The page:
flourishing leaves

image source: Dani Simmonds

These archetypes are based on Carol Pearson’s Awakening the Heroes Within. This book has been with me for twenty years I go back to it over and over again. I recommend it highly.

An archetype is a mythic figure that is both an area of our lives and a part of who we are.

The Ruler.
The Ruler is responsible to be conscious. There is no room for sentimentality – the realm has to be cared for and whatever happens has to be dealt with and responded to. There are no options about this. In some ways The Ruler is a bit of no-fun archetype. Important, rational, valuable but not a whole lot of laughs.

The Ruler is responsible not only to be conscious of the needs of their realm but also of their own strengths and weaknesses. The Ruler serves the realm and needs to know how their own strengths and weaknesses can be used for the good of the realm (or compensated for so their realm is not damaged).

This is all quite a task and it is what we all do. We all have a realm – our relationships and our work. And it is up to do our best with what we have – not all realms are equally blessed with resources.

This is all sounding a bit high flown. In my realm at the moment I am exploring blogging, seeing if I have worthwhile things to say, whether other people are interested in what I say and whether it may be a viable source of income. It is no use if I don’t have anything worthwhile to say, it is no use I am just talking to myself (I need to know if others are interested) and I need to know if it can be a viable source of income. For all of these I have sought counsel from those wiser than me (those people who have blogs with high traffic and do make an income from them. These are the advisers to my Ruler.

The Ruler can be present in even the most mundane of tasks. Organising my desk so that I can be productive is The Ruler in me.

The Healer.
The Healer is what Carol Pearson calls The Magician. I have chosen to call it The Healer instead. This is partly to avoid the connotations of ‘magic’, any idea that I don’t have to do anything to make my life sustainable, or that things will somehow ‘magically’ work for me without my doing anything.

The Healer brings feeling. The Ruler can be awfully cold and unfeeling. If our realms had only The Ruler they would be productive, but in some sense they wouldn’t be worth living in. Our realm would lack the warmth and humanness that brings joy to our lives.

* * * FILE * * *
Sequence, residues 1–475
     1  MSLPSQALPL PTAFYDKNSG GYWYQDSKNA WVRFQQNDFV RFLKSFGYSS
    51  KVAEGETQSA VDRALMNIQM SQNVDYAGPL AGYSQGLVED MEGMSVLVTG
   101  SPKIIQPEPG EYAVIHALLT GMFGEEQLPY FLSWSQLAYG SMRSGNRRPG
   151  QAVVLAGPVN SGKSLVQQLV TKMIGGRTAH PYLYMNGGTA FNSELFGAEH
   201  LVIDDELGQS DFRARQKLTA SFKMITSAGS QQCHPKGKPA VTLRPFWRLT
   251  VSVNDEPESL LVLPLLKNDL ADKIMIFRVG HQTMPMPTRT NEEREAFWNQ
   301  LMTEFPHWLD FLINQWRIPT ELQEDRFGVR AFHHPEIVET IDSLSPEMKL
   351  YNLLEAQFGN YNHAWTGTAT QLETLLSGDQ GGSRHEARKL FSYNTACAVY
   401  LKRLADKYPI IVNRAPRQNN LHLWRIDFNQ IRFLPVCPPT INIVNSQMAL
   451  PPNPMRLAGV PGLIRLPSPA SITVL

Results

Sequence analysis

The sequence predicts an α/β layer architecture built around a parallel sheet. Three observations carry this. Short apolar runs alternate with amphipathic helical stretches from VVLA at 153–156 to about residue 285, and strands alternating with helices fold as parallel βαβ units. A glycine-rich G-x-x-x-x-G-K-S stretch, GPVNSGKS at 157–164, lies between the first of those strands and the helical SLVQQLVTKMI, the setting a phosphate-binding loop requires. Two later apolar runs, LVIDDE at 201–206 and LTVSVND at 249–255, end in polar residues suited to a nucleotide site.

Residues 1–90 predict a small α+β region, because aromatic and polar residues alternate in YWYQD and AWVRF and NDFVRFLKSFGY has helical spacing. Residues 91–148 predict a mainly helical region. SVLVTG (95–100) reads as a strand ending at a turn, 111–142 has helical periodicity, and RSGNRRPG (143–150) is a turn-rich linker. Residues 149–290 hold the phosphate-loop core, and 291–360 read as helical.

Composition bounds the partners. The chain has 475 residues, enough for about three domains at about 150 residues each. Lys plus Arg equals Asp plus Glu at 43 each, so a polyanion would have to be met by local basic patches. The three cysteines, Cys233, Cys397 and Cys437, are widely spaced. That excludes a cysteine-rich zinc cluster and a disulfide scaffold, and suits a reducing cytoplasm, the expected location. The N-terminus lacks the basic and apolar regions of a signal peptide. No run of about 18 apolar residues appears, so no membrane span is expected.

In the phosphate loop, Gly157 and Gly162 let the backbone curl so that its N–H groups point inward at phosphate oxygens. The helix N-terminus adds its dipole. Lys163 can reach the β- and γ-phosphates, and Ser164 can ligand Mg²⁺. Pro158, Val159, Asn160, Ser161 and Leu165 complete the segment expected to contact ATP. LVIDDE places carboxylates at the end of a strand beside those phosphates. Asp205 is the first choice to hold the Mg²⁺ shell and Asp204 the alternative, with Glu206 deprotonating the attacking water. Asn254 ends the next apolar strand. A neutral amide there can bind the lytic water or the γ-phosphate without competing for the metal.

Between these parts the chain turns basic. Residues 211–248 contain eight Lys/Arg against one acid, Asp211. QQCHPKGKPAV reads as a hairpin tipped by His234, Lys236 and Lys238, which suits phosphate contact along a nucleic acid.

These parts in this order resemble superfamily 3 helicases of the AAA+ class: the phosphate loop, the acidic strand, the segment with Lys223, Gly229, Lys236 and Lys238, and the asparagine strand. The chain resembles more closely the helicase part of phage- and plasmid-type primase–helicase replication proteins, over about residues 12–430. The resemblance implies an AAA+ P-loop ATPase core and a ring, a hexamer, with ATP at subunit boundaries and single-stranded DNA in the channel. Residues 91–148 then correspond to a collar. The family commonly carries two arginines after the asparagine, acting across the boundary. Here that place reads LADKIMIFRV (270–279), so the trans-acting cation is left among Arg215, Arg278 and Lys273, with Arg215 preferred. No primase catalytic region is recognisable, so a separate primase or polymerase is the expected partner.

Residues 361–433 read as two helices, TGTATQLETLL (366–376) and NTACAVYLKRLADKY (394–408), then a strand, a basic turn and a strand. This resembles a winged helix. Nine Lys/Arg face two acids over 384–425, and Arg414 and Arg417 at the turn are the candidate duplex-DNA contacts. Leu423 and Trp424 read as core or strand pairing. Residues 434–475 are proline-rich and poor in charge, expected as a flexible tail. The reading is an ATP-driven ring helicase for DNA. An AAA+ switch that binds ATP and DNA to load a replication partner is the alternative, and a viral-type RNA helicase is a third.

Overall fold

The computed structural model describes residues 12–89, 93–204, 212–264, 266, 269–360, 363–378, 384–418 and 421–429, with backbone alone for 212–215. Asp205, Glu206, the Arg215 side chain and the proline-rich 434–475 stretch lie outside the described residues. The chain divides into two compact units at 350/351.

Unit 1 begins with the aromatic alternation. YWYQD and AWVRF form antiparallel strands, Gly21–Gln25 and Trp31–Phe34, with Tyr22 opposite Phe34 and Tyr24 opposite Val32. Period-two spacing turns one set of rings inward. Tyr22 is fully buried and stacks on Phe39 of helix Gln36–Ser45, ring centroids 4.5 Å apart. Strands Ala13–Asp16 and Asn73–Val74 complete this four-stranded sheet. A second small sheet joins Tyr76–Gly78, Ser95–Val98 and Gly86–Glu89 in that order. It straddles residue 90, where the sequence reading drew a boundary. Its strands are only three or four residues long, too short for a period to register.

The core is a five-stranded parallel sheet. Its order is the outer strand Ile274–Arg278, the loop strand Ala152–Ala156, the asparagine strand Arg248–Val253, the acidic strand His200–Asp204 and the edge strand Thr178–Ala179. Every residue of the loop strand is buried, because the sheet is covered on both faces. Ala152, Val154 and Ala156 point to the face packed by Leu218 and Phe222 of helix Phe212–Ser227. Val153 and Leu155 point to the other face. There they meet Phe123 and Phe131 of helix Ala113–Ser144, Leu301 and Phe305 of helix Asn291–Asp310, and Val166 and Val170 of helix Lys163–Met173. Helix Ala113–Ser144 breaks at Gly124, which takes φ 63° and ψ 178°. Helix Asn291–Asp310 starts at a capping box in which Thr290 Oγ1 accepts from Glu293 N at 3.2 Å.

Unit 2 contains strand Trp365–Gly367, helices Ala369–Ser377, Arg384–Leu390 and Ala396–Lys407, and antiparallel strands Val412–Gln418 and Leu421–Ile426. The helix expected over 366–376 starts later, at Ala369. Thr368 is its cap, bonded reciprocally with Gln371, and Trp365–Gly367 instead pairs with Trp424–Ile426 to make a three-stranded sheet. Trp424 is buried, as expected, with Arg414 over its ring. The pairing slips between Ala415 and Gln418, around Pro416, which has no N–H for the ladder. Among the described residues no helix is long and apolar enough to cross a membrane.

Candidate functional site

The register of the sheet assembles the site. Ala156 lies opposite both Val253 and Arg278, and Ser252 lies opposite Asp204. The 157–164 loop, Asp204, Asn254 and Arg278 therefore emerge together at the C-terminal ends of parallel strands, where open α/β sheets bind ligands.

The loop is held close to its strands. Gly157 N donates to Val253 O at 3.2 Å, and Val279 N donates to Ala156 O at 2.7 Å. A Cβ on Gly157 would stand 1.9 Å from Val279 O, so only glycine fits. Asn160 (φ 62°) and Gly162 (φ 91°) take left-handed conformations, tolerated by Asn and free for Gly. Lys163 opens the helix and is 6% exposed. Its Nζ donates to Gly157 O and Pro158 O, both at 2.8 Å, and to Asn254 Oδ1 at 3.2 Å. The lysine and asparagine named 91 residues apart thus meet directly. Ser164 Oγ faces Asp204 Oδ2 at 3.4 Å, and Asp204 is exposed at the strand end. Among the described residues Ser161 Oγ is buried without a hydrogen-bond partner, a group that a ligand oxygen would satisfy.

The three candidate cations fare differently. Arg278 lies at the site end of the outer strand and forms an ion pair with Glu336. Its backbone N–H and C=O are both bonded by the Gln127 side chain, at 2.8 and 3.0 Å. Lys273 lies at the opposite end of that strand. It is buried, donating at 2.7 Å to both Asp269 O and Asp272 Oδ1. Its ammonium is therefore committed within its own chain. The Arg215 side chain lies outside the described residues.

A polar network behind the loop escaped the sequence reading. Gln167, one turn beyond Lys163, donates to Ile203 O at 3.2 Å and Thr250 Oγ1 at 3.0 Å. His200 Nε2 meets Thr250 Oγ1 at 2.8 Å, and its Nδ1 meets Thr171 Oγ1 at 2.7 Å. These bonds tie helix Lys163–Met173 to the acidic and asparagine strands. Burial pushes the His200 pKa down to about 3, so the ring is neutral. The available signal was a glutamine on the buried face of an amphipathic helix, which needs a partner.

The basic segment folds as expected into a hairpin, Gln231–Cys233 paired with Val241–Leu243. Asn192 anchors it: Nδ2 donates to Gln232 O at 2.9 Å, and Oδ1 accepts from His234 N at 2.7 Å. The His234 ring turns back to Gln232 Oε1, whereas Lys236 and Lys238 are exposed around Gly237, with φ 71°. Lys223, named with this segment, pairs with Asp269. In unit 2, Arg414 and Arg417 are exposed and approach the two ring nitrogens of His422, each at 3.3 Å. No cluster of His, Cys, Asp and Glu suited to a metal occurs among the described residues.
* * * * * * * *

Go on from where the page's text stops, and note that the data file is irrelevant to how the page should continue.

Those who, like me, find it easy to be rational and to treat their lives as a project or a series of schedules need to get in touch with our Healer. Without the Healer we can end up being lonely and not know why. In writing my blog at the moment I am learning to (write for people not about topics – I think I owe this insight to skellie who has a blog about blogging at www.skellie.org which I highly recommend). I have found that when I think about who I am writing for I also connect with another part of myself and that I feel nourished as well. This is The Healer being activated in my life.

Usually the words used to describe a realm in good order are “prosperous” or “abundant”. I have chosen “flourishing” to try to be a little more down to earth and avoid the idea that it is only about money.

Being conscious of what is going on in my life is vital. But finally it is exhausting. I need to find ways to heal – the needs in my life and in myself. When I can do this then my life is sustainable – I am not just coping but growing and enjoying the process.

Getting in touch with my Ruler and Healer
What problems do I have in my life at the moment? Is there anything I can do about them (however small)? If so, what?
What are my strengths? How can I use them to benefit my realm and those in it?
What are my weaknesses? How can I compensate for them so that my realm and those in it do not suffer?

Recommended book. Success by Edward de Bono. Long out of print but get a copy if you can – it is quite marvellous. It studies success across a whole range of fields – not just business as is so often the case – and distills the advice of these successful people.